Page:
A History Of Modern Tibet Volume 2

Author: Melvyn C. Goldstein
Publisher: Univ of California Press
ISBN: 9780520249417
Size: 45.53 MB
Format: PDF, ePub, Docs
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A History Of Modern Tibet Volume 2 from the Author: Melvyn C. Goldstein. It is not possible to understand contemporary politics between China and the Dalai Lama without understanding what happened during the 1950s. This book presents an understanding of that period. It furnishes portraits of these major players and unravels the fateful intertwining of Tibetan and Chinese politics against the backdrop of the Korean War.

Tibet

Author: Lezlee Brown Halper
Publisher: Oxford University Press (UK)
ISBN: 0199368368
Size: 35.54 MB
Format: PDF, ePub, Mobi
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Tibet from the Author: Lezlee Brown Halper. "The mythologising of Tibet in the West and the Himalyan state's subsequent abandonment to China are recounted in this briskly-paced and revealing new history"--

Speaking For Buddhas

Author: Richard F. Nance
Publisher: Columbia University Press
ISBN: 0231526679
Size: 54.70 MB
Format: PDF, ePub
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Speaking For Buddhas from the Author: Richard F. Nance. As with many religious and philosophical traditions, Buddhist intellectual discourse owes its development to a dynamic interplay of primary source material and subsequent interpretation, yet until now Buddhist scholarship has neglected to privilege one crucial series of texts. Commentaries on Buddhist scripture, particularly the sutras, written by seminal thinkers across the history of Indian Buddhism, contain myriad insights into the relationship between textual analysis and ritual practice. Evaluating these commentaries in detail for the first time, Richard F. Nance revisits—and rewrites—the critical history of Buddhist thought, including its unique conception of doctrinal transmission. Written by such luminaries as Nagarjuna, Vasubandhu, Dignaga, and Santideva, scriptural commentaries have long played an important role in the monastic and philosophical life of Indian Buddhism. Nance reads these texts against the social and cultural conditions of their making, establishing a solid historical basis for the interpretation of key beliefs and doctrines. He also underscores areas of contention, in which scholars debate what it means to speak for, and as, a Buddha. Throughout these texts, Buddhist commentators struggle to deduce and characterize the speech of Buddhas and teach others how to convey and interpret its meaning. At the same time, they demonstrate the fundamental dilemma of trying to speak on behalf of Buddhas. Nance also investigates the notion of "right speech" as articulated by Buddhist texts and follows ideas about teaching as imagined through the common figure of a Buddhist preacher. He notes the use of epistemological concepts in scriptural interpretation and the protocols guiding the composition of scriptural commentary. He then translates three such commentarial guides to better clarify the normative assumptions organizing these scholars' work.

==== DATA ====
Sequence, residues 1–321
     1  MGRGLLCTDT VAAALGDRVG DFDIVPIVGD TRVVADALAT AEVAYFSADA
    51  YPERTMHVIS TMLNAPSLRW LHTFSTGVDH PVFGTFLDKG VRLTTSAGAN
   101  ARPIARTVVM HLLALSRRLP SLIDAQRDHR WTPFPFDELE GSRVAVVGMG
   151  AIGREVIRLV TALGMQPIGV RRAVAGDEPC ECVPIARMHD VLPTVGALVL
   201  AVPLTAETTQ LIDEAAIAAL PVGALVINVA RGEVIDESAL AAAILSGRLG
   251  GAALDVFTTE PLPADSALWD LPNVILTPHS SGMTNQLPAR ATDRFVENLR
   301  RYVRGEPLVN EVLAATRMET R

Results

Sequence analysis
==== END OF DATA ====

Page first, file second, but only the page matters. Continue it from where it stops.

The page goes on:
Tibet In The Western Imagination

Author: T. Neuhaus
Publisher: Springer
ISBN: 1137264837
Size: 46.41 MB
Format: PDF, Mobi
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Tibet In The Western Imagination from the Author: T. Neuhaus. Neuhaus explores the roots of the long-standing European fascination with Tibet, from the Dalai Lama to the Abominable Snowman. Surveying a wide range of travel accounts, official documents, correspondence and fiction, he examines how different people thought about both Tibet and their home cultures.